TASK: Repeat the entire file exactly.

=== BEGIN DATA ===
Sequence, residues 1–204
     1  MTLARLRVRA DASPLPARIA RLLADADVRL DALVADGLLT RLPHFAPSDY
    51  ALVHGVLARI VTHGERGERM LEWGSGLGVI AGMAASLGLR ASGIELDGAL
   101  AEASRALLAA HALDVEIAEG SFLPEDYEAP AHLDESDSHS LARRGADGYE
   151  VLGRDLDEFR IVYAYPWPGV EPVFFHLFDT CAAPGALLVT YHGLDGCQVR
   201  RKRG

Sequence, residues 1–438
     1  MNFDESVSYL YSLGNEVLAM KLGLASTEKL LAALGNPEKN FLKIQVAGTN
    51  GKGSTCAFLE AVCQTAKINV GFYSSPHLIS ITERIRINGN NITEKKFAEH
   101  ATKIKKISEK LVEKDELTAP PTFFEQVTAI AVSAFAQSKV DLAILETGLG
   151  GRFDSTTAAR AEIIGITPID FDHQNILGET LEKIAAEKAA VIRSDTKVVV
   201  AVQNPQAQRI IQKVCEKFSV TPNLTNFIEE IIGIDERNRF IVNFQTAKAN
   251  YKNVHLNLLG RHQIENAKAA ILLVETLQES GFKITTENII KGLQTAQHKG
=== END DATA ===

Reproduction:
Sequence, residues 1–204
     1  MTLARLRVRA DASPLPARIA RLLADADVRL DALVADGLLT RLPHFAPSDY
    51  ALVHGVLARI VTHGERGERM LEWGSGLGVI AGMAASLGLR ASGIELDGAL
   101  AEASRALLAA HALDVEIAEG SFLPEDYEAP AHLDESDSHS LARRGADGYE
   151  VLGRDLDEFR IVYAYPWPGV EPVFFHLFDT CAAPGALLVT YHGLDGCQVR
   201  RKRG

Sequence, residues 1–438
     1  MNFDESVSYL YSLGNEVLAM KLGLASTEKL LAALGNPEKN FLKIQVAGTN
    51  GKGSTCAFLE AVCQTAKINV GFYSSPHLIS ITERIRINGN NITEKKFAEH
   101  ATKIKKISEK LVEKDELTAP PTFFEQVTAI AVSAFAQSKV DLAILETGLG
   151  GRFDSTTAAR AEIIGITPID FDHQNILGET LEKIAAEKAA VIRSDTKVVV
   201  AVQNPQAQRI IQKVCEKFSV TPNLTNFIEE IIGIDERNRF IVNFQTAKAN
   251  YKNVHLNLLG RHQIENAKAA ILLVETLQES GFKITTENII KGLQTAQHKG